Santa Barbara News-Press Editor Jerry Roberts, four other top editors and a columnist quit to protest moves by the owner that they say undermine the paper's credibility.

The editors, who resigned Wednesday and Thursday, said owner Wendy McCaw and her closest associates have become increasingly meddlesome. They also pointed to the appointment of Travis Armstong to acting publisher while he serves as editorial page editor.

"What we have as a paper to sell to people is our credibility," said Don Murphy, who was the paper's deputy managing editor. "On one hand you have someone writing editorials and on the other hand editing news stories. There is an inherent conflict."

Sam Singer, a spokesman for McCaw, said the resignations were due to differences of opinion about the paper's direction.

"She wants stronger and more local news coverage," Singer said. "They had different interests and chose to resign."

Roberts is a former managing editor and political editor of The Chronicle. In addition to Roberts and Murphy, managing editor George Foulsham, metro editor Jane Hulse, business editor Michael Todd and columnist Barney Brantingham resigned.

"I loved the job, I loved the paper and had no intention of leaving," said Murphy, who spent 19 years at the News-Press. "I just felt I had to leave."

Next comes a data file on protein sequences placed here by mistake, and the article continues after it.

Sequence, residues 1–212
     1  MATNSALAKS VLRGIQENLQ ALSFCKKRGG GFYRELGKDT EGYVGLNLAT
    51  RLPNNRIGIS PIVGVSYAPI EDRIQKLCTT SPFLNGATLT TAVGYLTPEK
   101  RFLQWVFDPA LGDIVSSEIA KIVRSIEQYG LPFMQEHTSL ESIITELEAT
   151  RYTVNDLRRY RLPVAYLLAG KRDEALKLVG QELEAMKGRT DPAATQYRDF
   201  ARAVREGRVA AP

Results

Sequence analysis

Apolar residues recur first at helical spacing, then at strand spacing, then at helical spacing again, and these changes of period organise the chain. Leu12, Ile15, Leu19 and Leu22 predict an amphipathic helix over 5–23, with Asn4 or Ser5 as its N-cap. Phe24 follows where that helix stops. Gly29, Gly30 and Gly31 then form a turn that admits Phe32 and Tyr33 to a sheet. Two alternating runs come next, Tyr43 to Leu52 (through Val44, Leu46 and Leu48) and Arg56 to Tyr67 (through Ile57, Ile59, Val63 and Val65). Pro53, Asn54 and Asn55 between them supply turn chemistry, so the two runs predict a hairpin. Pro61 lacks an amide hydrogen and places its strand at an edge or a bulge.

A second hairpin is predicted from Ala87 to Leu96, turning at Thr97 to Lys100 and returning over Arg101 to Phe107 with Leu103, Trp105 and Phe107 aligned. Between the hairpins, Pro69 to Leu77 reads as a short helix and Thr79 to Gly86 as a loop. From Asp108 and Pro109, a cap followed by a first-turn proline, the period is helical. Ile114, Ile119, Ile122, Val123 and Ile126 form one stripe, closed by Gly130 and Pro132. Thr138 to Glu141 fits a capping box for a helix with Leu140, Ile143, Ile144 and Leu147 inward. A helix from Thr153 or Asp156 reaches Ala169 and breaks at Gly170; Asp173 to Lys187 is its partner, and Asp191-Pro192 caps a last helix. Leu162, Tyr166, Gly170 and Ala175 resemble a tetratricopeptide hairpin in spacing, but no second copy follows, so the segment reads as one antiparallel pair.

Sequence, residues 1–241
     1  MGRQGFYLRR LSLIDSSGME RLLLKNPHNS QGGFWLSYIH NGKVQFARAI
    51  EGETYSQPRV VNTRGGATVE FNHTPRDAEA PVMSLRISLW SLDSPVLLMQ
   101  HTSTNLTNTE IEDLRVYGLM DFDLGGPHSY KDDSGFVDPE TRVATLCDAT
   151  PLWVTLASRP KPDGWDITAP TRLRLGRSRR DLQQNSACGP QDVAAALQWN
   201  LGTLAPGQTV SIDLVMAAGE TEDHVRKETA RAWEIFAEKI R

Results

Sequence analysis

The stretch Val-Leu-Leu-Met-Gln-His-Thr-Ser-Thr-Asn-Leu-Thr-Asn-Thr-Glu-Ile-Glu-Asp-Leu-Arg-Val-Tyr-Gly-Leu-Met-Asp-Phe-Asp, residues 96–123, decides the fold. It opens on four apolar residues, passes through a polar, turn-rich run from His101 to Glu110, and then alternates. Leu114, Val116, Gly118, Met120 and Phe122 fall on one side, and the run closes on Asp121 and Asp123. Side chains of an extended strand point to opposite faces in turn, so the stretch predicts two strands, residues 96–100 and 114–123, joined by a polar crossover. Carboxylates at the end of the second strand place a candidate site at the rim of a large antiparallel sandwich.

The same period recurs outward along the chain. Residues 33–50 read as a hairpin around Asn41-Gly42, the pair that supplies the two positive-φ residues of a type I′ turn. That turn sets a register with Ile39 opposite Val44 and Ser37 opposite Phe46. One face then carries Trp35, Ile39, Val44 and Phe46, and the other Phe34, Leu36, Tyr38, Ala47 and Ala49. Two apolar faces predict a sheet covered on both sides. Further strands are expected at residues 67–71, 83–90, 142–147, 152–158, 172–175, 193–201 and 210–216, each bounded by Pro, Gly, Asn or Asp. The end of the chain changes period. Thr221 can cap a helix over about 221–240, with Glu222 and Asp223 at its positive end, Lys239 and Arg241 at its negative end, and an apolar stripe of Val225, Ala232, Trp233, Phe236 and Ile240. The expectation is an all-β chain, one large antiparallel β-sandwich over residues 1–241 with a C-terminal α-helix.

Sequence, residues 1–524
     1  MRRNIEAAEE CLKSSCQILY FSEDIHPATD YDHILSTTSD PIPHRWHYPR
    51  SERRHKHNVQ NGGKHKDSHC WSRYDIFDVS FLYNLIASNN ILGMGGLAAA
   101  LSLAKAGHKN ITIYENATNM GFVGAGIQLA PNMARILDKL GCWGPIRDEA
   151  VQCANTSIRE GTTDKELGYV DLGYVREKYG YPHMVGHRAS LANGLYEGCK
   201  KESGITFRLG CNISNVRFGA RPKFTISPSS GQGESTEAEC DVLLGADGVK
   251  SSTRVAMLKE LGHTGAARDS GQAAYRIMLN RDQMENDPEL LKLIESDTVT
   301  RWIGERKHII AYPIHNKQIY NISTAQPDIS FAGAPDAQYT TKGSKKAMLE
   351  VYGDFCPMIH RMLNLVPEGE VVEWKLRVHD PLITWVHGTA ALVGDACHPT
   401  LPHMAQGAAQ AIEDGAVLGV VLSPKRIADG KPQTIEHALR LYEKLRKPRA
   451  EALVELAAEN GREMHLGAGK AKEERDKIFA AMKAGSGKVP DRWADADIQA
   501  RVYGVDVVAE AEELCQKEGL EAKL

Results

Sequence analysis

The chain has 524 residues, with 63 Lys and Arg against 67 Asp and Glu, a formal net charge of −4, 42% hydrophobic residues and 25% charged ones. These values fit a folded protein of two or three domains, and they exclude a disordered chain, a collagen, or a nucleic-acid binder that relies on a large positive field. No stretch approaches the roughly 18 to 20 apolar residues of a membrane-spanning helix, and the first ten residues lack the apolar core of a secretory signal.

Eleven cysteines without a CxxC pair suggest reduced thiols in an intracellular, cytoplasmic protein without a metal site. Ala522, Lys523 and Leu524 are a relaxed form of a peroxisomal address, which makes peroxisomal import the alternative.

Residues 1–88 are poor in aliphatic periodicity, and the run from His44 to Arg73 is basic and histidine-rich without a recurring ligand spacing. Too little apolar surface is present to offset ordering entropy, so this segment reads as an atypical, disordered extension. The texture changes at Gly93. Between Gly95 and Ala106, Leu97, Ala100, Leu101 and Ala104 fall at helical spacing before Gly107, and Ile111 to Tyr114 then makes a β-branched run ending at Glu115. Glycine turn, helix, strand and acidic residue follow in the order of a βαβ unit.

The News-Press, founded 1855, publishes seven days a week and has a daily circulation of around 41,000.

McCaw, a local philanthropist active on environmental and animal rights issues, bought the paper from The New York Times Co. in October 2000. Joe Cole, the newspaper's president and publisher, retired in April and McCaw appointed herself and her fiance, Arthur von Weisenberger, as acting co-publishers.

In addition to Armstrong's appointment on Monday, the editors who quit cited two stories that they believe compromised the paper's ethics.

The first dealt with Armstrong's drunken driving arrest. The newspaper ran a story about his arrest in May over the objections of ownership, Murphy said. A follow-up story was scrapped, he said.

Armstrong was sentenced last month to four days in jail and fined $1,600.

The second story dealt with actor Rob Lowe, who last month won approval from planners for a massive home despite a complaint from a neighbor that the mansion would spoil his panoramic ocean view.